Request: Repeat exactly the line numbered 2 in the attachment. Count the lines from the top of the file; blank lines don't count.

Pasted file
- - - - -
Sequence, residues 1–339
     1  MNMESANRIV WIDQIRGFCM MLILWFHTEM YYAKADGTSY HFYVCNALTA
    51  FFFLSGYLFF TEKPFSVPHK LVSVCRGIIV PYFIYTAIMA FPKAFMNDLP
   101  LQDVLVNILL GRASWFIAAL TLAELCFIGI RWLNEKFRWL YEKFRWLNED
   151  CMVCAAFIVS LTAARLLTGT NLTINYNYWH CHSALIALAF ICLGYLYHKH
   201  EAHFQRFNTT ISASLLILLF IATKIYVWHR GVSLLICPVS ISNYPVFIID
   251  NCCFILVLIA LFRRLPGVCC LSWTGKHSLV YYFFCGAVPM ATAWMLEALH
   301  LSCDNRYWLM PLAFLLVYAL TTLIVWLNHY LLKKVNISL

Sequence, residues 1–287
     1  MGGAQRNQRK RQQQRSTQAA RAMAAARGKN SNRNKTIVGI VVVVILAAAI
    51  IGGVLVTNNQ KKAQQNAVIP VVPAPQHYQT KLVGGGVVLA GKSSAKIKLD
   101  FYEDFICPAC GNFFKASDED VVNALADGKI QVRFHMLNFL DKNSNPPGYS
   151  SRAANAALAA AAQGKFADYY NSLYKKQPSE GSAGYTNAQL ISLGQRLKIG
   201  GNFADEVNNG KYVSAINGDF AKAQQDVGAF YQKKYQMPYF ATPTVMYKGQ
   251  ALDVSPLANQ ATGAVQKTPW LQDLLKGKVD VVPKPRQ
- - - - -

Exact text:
     1  MNMESANRIV WIDQIRGFCM MLILWFHTEM YYAKADGTSY HFYVCNALTA